Optometric Management Tip # 426   -   Wednesday, April 14, 2010
Finding the Right Office Manager

My tip article last week provided an overview of delegation and I touched on the importance of a good office manager. One reader emailed me the following question and I thought it might be of interest to others.

"On the subject of delegation, we really would like to hire an office manager to help take some of the daily burden off our plates. Our problem is how do you suggest finding and hiring a qualified candidate for the job? Maybe you can consider this as a topic for one of your upcoming tips?"

There are many good things that a strong manager brings to a practice, but from a big-picture perspective, none are bigger than these two factors:

Finding the right person for the position of office manager can be challenging, but a good place to start the search is by looking at the status of the current staff.

Promoting from within
In many cases, it's best to reward solid, loyal performance on the job with one of the few promotions available in an eye care practice. It just depends on the people.

Quite often, even in a practice that does not have an official manager, there is an employee who is the acting manager. Perhaps this person has more experience and the other staff members seek her out with questions. Perhaps she already coordinates days off, vacations and lunch breaks. If this de facto manager without the title is good at the job, she may be the natural best choice. Consider how well you communicate with her and if she is loyal to the practice. Problems can occur, however, if this person is too close of friends with her co-workers and will have difficulty disciplining and correcting others.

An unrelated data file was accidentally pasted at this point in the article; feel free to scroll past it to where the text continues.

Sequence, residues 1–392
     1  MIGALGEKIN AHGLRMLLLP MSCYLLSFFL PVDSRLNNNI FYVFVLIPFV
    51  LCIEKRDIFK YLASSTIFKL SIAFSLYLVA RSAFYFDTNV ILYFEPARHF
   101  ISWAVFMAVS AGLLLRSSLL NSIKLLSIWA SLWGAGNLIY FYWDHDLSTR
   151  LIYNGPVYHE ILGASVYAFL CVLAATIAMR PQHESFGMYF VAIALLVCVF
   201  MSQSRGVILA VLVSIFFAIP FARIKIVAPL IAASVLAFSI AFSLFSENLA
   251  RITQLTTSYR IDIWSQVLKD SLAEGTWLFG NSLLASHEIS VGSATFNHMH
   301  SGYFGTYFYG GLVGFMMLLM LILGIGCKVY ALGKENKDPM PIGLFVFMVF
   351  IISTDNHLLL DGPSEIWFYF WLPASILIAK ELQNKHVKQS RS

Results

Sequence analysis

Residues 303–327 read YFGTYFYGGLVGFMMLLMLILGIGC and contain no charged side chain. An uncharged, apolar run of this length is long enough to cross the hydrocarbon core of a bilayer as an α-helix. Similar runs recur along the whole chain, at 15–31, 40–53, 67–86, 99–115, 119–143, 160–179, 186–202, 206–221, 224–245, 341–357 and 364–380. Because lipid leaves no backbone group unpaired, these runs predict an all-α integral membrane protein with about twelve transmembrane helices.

Sometimes the current staff members in a practice are just not management material. In filling this position, I'm looking for someone who will be compassionate and understanding when faced with a staff member who has problems or complaints. I also insist on a manager who shares my passion for customer service. Finally, we need strong loyalty to the owners and the best interests of the practice. You really can't teach those qualities, so don't promote a staff member and hope to change her.

Bringing in outside talent
Most office managers have experience in eye care and that can obviously be very valuable. But it is not a necessity. In some cases, it is better to find someone who has experience and training in business management even if they come from another field.

I have taken this approach in my practice with success and I've seen it work in many others. My feeling was that to find a great manager within the small pool of optical people in my area would be too constricting. And after all, I already had many employees who knew optical. If the new manager needed knowledge in technical areas, we had plenty of people who could provide it. In reality though, the new manager learned the technical aspects of eye care very quickly. How could she work in our office every day and not learn it?

In some ways, bringing in an expert from another field sets the new manager apart from all the other co-workers our employees have worked with. A fresh perspective can be very helpful.